Opera

Opera were kind enough to explain their naming (although the page is now only available via archive.org):

The reasons the name “Opera” was chosen are several. For one, “Opera” is known as the opera all over the world. London, Paris and Moscow all have Operas, and it’s one thing that has long historical roots in almost the entire world. Secondly, the Opera is associated with quality and high standards – you never hear of Opera singers who go on a drunken spree… 😉 Thirdly, the Opera is fun. (Or at least, it’s meant to be for the people who don’t have prejudices against it for being snobby and upper class-only.)

Chrome

While there was a codename vote early in Chrome’s development, none were finally chosen (I’d love to know what they were). Instead, it’s said by Glen Murphy that they chose Chrome because one of the design leads liked fast cars. They then ended up sticking with the codename for the final project launch because 1. they’d grown used to it, 2. they associated it with speed and, 3. because it minimised the amount of browser UI (sometimes called chrome).

While I’m missing out more than a few, that’s all the main browsers covered. If you have any insights that I’ve missed, pop them in the comments below. Also, if you know any names that didn’t make it to the final cut for any of the above, I’d love to hear about them.

More Reading

One of the commenters below mentioned Ariya Hidayat’s blog on the same subject, it’s an interesting read and contains some the historical context around the history of some of these names, you can check it out here.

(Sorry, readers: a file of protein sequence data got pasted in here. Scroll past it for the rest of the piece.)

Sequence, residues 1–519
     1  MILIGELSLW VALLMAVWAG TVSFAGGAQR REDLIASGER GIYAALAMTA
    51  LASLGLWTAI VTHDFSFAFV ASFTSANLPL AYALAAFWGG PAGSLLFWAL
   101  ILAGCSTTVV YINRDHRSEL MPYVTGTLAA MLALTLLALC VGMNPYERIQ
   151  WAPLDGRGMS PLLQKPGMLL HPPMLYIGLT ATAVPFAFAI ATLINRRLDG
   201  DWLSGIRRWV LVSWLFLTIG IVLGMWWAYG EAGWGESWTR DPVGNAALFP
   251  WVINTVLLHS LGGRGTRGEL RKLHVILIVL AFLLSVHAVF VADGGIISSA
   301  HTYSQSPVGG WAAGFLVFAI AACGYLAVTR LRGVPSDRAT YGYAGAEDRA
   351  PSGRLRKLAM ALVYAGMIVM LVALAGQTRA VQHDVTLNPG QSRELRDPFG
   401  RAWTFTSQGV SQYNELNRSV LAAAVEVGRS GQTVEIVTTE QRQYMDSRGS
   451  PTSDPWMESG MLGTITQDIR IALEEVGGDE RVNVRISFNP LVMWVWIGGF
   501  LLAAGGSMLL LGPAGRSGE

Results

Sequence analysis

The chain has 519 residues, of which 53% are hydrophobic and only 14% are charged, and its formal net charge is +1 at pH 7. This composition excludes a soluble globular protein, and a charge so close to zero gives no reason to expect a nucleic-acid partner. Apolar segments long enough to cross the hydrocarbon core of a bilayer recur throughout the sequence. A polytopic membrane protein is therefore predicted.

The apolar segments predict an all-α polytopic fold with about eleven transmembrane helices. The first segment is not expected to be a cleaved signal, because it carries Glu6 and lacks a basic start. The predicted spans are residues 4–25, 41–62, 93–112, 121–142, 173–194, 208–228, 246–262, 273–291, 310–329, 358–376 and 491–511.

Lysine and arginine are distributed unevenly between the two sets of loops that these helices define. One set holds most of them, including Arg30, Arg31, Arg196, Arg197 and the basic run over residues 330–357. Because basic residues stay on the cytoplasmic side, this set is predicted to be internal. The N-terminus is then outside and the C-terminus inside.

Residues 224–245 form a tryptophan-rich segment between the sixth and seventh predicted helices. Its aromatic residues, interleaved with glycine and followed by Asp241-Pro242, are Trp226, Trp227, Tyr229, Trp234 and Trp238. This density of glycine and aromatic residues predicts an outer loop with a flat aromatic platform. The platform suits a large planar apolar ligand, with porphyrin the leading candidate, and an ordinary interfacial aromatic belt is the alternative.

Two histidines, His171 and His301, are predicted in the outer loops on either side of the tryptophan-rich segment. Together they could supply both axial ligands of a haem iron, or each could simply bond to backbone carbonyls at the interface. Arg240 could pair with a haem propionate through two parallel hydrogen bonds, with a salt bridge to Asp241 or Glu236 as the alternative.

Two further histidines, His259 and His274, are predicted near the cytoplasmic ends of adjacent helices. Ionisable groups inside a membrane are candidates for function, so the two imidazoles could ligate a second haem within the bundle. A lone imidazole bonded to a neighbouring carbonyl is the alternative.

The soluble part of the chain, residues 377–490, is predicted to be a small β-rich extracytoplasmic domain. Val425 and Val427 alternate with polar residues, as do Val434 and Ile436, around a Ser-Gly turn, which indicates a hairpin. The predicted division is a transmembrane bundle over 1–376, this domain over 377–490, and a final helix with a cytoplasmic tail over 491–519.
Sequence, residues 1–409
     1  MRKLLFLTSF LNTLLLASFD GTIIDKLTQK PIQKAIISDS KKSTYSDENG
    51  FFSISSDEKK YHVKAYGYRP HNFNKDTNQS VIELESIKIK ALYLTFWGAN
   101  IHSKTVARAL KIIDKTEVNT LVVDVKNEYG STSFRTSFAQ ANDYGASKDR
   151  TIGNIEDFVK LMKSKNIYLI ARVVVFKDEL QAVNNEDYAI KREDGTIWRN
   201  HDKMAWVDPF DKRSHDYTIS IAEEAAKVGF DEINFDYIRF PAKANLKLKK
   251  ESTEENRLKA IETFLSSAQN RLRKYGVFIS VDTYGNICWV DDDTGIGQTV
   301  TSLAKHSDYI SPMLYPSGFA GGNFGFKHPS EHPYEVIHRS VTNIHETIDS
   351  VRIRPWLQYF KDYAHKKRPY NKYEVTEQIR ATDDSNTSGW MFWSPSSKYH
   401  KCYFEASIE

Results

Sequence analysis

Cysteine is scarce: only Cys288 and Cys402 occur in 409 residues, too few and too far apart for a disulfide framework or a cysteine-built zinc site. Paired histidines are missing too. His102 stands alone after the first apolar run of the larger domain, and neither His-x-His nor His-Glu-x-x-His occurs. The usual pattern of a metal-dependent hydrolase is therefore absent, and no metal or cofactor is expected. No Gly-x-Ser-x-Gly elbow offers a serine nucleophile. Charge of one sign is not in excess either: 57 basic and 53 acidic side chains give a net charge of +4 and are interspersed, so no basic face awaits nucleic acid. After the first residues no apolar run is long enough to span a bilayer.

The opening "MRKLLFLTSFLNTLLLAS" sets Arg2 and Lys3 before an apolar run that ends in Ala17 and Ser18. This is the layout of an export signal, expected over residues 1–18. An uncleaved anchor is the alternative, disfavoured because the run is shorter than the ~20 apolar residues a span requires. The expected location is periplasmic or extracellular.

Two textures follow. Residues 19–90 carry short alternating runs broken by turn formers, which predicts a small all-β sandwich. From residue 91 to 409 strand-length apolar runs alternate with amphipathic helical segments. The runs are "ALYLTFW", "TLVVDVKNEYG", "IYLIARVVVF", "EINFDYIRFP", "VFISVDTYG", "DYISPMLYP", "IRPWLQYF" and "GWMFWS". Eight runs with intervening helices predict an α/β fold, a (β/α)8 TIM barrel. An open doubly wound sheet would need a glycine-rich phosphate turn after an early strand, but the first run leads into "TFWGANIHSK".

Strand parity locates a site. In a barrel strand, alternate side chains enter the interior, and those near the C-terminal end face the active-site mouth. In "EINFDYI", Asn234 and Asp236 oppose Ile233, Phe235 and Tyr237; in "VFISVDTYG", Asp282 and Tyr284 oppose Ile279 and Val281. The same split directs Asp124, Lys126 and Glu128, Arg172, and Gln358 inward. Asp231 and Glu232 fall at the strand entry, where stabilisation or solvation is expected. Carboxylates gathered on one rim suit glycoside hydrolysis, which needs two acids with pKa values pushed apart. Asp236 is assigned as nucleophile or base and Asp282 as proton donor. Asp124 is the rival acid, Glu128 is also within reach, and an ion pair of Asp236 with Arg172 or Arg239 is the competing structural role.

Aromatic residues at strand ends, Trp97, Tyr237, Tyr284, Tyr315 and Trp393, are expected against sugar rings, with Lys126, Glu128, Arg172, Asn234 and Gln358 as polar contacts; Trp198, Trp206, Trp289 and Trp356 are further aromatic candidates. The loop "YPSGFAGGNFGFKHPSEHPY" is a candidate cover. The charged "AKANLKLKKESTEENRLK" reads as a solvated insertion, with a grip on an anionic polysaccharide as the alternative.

[1] Sadly it seems that the Mosaic Killer name is only partially true. In the Sunday, 5 August 1994, extract of Jamie Zawinski’s Diary he said “Then someone said something about crushing NCSA Mosaic, and I blurted out “Mozilla!” Everyone seemed to like that, so I think that might end up being the official name of the browser. ” I found this update on this blog from 2007. Thanks to a comment on this blog from 2007 for clearing that up.

Comments (32)

  1. Bill says:

    Youve prob had this already, but surely Safari got its name from some child of the sixties that went real surfing? California, Beach Boys etc. Lets go surfin now, come on a safari with me … Surfing Safari?

  2. thebeebs says:

    Bill I had never thought of that before, great theory.

  3. Schepp says:

    Wasn't "Mozilla" rather a compound of "Mosaic" and "Godzilla"? Hence the Godzilla appearing everywhere?

  4. Piers says:

    I thought Chrome came from the open source Chromium project and got its name from there. Although I might be wrong and the Chromium project stemmed from the Chrome browser. But I'm pretty sure it's the former.

  5. David Storey says: